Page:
John Whittier Treat
Nearly twenty-five years, still one day, since then
the time when we stood across cold hewn rooms and looked
past what I had wanted (still want) just to see,
I mean steal, that journey of limb and halved-moon curves of
buttock. Now, stacked high above some place far from there,
a room with hot Saint Peter’s light cast through shutters onto a chair
where lay the quick discard of cotton, perfumed damp torn yours,
limbs yes, buttocks yes, youth no: the force of memories
manufactured if not maintained. Was the motion of a body
ever so sure and feeble? The hurling object knows Newton’s Law.
Don’t talk, be quiet. Cupping your hand across my mouth,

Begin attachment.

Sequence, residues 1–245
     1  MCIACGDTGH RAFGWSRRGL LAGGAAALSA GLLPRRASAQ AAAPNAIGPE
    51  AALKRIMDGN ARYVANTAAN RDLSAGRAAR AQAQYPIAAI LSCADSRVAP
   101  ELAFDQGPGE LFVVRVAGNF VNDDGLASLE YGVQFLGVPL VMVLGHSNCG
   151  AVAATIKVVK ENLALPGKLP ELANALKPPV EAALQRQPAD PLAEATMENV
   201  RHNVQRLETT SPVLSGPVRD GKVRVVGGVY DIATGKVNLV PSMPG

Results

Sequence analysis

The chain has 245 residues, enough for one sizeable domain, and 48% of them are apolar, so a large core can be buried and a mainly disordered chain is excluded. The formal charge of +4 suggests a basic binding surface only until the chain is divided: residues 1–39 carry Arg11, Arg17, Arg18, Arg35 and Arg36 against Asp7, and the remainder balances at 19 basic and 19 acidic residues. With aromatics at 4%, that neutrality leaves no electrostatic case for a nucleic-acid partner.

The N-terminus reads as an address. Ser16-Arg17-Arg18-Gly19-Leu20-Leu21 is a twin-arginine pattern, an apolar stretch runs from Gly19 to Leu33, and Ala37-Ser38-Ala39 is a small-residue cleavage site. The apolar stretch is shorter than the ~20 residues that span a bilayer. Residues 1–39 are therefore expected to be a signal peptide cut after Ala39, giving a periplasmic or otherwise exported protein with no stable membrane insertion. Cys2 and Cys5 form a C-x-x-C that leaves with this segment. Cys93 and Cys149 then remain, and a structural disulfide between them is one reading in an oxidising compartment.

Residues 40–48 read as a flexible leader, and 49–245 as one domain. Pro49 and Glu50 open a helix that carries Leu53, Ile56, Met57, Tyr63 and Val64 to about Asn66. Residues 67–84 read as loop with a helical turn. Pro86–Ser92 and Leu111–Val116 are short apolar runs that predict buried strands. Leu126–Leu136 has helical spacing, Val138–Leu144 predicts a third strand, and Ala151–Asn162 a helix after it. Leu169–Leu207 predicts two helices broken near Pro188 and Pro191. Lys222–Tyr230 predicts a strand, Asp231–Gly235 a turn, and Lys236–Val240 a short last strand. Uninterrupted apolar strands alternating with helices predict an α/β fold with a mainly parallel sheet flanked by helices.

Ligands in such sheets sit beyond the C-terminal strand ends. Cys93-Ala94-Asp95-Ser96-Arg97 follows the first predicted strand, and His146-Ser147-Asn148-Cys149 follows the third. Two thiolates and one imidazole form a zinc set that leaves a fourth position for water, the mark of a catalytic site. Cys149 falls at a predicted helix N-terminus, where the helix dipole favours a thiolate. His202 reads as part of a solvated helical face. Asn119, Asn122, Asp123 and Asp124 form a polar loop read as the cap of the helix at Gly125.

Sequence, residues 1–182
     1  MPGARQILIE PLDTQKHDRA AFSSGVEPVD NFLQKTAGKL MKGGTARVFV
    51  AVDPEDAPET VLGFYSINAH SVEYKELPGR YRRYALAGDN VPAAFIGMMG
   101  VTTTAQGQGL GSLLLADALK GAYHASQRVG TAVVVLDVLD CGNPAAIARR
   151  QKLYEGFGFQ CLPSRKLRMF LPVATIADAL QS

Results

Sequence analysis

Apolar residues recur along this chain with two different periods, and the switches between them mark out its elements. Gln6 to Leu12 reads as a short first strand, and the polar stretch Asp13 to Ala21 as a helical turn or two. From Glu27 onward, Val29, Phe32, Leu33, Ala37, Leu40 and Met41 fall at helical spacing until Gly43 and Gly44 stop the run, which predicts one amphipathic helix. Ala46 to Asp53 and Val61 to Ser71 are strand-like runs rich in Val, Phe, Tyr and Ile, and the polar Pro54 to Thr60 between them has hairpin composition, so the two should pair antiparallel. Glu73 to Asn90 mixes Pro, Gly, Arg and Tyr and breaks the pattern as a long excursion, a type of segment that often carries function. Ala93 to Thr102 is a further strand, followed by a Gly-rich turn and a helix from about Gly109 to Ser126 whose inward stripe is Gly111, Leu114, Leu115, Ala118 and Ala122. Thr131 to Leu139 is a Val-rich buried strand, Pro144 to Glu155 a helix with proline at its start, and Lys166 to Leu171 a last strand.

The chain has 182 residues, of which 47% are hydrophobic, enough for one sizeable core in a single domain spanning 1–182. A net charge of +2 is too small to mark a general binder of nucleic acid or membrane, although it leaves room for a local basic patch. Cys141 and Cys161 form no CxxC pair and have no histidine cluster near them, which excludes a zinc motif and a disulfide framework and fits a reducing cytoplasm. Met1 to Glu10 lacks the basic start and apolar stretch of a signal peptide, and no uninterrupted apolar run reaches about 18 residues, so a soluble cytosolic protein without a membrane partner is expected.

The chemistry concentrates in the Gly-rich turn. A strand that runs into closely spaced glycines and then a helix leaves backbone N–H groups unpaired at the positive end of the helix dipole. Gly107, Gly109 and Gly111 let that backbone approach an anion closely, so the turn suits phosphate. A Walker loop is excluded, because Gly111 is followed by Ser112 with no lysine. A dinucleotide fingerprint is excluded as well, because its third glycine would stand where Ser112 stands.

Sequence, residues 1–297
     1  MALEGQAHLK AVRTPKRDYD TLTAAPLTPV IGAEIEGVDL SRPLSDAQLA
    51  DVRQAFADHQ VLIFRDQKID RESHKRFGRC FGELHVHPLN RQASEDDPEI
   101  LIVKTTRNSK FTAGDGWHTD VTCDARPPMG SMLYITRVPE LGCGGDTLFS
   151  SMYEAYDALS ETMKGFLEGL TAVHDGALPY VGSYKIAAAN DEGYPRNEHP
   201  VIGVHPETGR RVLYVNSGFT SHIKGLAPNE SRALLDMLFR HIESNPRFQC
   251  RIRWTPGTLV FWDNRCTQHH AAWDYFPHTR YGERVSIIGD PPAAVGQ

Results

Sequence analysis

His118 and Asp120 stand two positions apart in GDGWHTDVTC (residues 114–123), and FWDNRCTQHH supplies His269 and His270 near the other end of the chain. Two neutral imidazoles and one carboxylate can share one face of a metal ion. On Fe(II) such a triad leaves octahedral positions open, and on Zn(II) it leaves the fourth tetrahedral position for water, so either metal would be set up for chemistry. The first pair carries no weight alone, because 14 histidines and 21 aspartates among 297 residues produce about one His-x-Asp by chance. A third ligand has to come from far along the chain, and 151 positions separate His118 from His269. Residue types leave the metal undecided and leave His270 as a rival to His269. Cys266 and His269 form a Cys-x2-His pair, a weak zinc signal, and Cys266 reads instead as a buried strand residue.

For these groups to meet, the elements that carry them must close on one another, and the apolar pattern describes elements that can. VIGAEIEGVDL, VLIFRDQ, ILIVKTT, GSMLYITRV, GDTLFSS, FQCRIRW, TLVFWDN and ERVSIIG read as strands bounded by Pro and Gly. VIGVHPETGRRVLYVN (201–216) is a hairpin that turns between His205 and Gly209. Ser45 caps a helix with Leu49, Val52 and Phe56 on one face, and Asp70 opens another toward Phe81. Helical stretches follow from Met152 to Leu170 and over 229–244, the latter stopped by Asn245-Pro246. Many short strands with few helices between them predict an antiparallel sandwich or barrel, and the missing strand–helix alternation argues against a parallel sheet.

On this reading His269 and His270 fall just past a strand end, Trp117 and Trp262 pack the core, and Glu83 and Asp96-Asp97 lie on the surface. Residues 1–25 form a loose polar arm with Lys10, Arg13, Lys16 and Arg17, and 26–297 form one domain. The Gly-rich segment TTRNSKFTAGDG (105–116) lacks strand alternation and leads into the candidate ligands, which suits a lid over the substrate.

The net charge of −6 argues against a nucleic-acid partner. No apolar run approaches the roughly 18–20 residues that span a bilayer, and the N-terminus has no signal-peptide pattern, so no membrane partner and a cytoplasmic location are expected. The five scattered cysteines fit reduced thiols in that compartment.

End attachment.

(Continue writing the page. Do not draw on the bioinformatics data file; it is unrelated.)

some things have to close in order to make more room
for others. My body now: a quarter-century of a place where
I had stopped in wait for all that was coming my way, and it has.
Old things made useful again, so go further and be sure to stay
This is that slap of pain and promise of proof for what was not love, but nearly;
We’ve learned in time that what our blood shares makes us special:
then, now, forever
John Whittier Treat is the author of the novel The Rise and Fall of the Yellow House (Booktrope Editions), forthcoming in fall 2015. His short stories have appeared in Jonathan and are forthcoming in QDA: Queer Disability Anthology (Squares and Rebels), edited by Raymond Luczak. John is currently working on First Consonants, a novel about a stutterer who saves the world. He lives in Seattle. For more information visit johntreat.com
This poem is previously unpublished.